Last Sunday’s PARADE magazine cover story featured LeVar Burton and the “Reading Revolution” he hopes to create for a new generation of children. While I didn’t get a chance to donate to his wildly successful Kickstarter campaign – it topped Veronica Mars with having the most backers, if not receiving the most money too – the article has kept me thinking all week about the impact the original television show had on my life and how much I love to read.
A child of the 1980s and 1990s who didn’t grow up with cable, public television and Reading Rainbow were staples in our house. I can still clearly remember the opening credits of the show, as well as the iconic ditty (“Butterfly in the sky, I can go twice as high…”). Though I was already a voracious reader, the show reminded me that I was not the only one out there (very important for a budding geekynerdy girl!) and I always dreamed about being featured during the recommendations section at the end of the episodes. It was also a little thrilling when people mentioned books I had already read, like Tomie dePaola’s The Legend of the Blue Bonnet.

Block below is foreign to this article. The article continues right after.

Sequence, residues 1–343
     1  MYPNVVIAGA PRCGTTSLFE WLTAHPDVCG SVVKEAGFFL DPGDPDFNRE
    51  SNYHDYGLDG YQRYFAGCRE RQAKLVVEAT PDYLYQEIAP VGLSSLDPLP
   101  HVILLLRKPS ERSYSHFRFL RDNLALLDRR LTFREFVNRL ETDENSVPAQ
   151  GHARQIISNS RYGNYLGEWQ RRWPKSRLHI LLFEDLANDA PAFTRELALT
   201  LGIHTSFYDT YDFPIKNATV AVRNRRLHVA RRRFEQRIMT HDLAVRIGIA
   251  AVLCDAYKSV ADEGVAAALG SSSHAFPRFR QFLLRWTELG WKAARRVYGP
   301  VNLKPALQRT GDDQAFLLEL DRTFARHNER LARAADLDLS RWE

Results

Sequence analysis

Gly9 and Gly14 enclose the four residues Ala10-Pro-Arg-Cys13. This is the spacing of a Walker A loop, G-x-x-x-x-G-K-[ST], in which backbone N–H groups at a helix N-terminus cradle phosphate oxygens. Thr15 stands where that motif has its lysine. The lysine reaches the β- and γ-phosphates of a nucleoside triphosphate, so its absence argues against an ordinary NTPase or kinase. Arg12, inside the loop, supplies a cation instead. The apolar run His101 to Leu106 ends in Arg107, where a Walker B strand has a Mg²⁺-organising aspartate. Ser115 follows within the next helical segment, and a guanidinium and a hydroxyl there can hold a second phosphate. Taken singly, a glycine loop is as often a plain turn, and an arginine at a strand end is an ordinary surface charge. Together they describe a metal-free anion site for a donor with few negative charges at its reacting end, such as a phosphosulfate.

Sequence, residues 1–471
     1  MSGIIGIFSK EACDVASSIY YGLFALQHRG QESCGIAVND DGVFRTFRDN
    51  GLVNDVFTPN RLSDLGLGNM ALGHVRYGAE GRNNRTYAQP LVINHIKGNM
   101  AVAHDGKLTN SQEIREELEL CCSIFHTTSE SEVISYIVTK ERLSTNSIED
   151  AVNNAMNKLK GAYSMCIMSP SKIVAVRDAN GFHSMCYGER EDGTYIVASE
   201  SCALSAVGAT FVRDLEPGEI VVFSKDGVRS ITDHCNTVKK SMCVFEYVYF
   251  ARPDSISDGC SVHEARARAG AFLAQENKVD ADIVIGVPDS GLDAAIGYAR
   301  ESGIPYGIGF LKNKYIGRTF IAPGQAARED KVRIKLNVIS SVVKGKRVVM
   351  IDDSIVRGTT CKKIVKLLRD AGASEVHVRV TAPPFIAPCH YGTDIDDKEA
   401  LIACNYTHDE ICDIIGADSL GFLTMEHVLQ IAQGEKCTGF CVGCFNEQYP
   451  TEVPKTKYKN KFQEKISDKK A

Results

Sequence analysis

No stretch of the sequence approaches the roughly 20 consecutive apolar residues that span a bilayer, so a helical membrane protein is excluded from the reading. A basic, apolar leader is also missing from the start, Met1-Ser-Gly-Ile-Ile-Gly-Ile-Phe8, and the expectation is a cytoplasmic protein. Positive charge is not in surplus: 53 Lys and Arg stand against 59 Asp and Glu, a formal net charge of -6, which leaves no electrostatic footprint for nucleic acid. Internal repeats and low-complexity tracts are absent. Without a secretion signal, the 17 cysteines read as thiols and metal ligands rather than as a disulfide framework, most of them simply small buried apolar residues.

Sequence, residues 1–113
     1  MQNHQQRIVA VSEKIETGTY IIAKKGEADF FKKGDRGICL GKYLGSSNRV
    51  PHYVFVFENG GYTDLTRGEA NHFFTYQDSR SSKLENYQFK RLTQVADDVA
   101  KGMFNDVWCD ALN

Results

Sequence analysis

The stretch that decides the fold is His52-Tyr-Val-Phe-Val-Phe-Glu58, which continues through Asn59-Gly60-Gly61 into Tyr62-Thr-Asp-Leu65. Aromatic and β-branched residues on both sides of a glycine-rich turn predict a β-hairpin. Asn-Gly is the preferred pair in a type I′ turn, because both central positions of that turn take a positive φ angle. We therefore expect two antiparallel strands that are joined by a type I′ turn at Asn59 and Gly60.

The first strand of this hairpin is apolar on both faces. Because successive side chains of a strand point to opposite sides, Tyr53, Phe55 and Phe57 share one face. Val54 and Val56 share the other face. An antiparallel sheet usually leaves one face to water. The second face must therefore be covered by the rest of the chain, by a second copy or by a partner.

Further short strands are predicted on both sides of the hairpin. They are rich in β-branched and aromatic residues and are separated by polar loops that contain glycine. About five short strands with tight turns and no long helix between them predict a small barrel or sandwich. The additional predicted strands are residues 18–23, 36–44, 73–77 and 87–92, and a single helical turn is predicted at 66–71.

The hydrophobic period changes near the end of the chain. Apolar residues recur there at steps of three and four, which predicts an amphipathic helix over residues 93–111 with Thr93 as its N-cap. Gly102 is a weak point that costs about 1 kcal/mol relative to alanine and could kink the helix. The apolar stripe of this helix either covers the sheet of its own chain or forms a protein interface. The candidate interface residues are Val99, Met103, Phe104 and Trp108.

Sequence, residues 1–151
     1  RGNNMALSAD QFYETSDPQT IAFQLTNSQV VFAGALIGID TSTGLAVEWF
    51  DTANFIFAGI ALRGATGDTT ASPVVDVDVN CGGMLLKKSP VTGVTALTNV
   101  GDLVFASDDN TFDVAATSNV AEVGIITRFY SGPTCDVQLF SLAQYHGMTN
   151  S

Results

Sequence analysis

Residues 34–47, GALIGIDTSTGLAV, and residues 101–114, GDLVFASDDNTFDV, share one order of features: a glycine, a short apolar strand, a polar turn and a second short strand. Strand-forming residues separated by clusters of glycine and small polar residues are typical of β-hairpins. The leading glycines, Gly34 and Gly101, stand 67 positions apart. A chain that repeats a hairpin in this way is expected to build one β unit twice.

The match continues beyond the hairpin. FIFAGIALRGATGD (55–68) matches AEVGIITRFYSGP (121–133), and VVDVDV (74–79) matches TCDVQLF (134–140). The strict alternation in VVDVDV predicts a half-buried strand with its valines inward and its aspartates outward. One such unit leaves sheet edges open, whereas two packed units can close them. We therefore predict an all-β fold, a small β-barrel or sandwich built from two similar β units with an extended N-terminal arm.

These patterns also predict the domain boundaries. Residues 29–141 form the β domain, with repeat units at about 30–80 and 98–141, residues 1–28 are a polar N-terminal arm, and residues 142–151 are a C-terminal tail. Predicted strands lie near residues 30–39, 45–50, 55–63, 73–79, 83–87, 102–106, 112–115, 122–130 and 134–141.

But more than the books, it was the segments that went with them that have stuck with me over the years. In particular, I can typically see both images in an optical illusion thanks to the episode, Opt: An Illusionary Tale. And who could forget the over-the-top parrot jacket Burton wore at the end of The Purple Coat?! That episode also featured one of my favorite sculptures – the papier-mâchéfigure of a man who happened to inadvertently spray paint himself in the eye. I think it really says something about the quality of the show that these things are still touchstones for me, two decades after I first saw them.
With everyone talking about how dire children’s reading levels are these days – and believe me, they are pretty bad – I am so thrilled that Burton’s Kickstarter campaign went as well as it did! It also reminded me that I really want to be a part of bringing the enjoyment of reading to other people, whether through working at a library or a bookstore, or a major publishing house (or maybe Reading Rainbow?). Reading is just so great for fostering dreams and imaginations, as well as increasing one’s comprehension and vocabulary.
So this summer, regardless of your age, I encourage you to take a look, it’s in a book… a reading rainbow!